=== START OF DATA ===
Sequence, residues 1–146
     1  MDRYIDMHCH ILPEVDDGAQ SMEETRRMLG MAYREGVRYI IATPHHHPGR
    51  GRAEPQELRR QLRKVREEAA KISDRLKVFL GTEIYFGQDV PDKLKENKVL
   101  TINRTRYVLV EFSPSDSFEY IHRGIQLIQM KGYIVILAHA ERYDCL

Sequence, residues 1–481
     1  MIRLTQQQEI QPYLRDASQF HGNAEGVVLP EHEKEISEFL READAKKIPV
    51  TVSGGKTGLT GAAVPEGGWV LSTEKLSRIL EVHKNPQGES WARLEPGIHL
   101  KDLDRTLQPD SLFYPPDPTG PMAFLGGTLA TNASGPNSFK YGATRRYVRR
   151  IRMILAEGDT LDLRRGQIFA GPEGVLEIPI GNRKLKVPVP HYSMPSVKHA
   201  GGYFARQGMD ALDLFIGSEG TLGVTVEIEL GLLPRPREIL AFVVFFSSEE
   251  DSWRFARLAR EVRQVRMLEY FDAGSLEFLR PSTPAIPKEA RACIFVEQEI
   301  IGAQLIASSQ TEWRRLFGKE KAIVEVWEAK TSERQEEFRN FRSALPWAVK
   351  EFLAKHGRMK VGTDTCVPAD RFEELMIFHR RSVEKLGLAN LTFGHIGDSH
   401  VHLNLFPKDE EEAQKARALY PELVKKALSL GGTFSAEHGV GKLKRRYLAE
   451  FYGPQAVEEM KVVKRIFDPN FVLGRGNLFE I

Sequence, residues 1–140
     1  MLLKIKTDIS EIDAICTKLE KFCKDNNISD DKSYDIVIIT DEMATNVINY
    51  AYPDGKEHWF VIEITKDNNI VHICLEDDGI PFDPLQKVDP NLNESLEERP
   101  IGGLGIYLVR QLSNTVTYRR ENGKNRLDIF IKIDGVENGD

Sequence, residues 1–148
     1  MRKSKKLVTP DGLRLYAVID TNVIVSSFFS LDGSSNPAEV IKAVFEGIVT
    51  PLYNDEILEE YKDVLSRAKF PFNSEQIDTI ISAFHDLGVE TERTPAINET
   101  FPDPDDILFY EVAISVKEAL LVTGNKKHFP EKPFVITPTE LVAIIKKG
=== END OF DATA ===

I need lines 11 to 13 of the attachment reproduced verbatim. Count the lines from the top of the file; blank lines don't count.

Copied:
   251  DSWRFARLAR EVRQVRMLEY FDAGSLEFLR PSTPAIPKEA RACIFVEQEI
   301  IGAQLIASSQ TEWRRLFGKE KAIVEVWEAK TSERQEEFRN FRSALPWAVK
   351  EFLAKHGRMK VGTDTCVPAD RFEELMIFHR RSVEKLGLAN LTFGHIGDSH